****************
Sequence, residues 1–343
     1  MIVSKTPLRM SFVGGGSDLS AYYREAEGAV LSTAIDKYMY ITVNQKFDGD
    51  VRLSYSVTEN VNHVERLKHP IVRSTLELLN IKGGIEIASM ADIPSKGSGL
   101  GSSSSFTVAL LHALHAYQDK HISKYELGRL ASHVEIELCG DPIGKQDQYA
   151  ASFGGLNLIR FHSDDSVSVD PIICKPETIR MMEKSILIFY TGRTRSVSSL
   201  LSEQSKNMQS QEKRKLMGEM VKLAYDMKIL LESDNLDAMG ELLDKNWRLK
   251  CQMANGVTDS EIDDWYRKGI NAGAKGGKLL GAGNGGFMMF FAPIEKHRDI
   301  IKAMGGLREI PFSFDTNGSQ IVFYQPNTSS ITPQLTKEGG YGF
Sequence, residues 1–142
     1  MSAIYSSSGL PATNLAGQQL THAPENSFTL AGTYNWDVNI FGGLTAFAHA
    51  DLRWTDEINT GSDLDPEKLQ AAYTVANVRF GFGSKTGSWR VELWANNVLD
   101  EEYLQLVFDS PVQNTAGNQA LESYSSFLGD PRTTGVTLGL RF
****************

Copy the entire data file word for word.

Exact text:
Sequence, residues 1–343
     1  MIVSKTPLRM SFVGGGSDLS AYYREAEGAV LSTAIDKYMY ITVNQKFDGD
    51  VRLSYSVTEN VNHVERLKHP IVRSTLELLN IKGGIEIASM ADIPSKGSGL
   101  GSSSSFTVAL LHALHAYQDK HISKYELGRL ASHVEIELCG DPIGKQDQYA
   151  ASFGGLNLIR FHSDDSVSVD PIICKPETIR MMEKSILIFY TGRTRSVSSL
   201  LSEQSKNMQS QEKRKLMGEM VKLAYDMKIL LESDNLDAMG ELLDKNWRLK
   251  CQMANGVTDS EIDDWYRKGI NAGAKGGKLL GAGNGGFMMF FAPIEKHRDI
   301  IKAMGGLREI PFSFDTNGSQ IVFYQPNTSS ITPQLTKEGG YGF
Sequence, residues 1–142
     1  MSAIYSSSGL PATNLAGQQL THAPENSFTL AGTYNWDVNI FGGLTAFAHA
    51  DLRWTDEINT GSDLDPEKLQ AAYTVANVRF GFGSKTGSWR VELWANNVLD
   101  EEYLQLVFDS PVQNTAGNQA LESYSSFLGD PRTTGVTLGL RF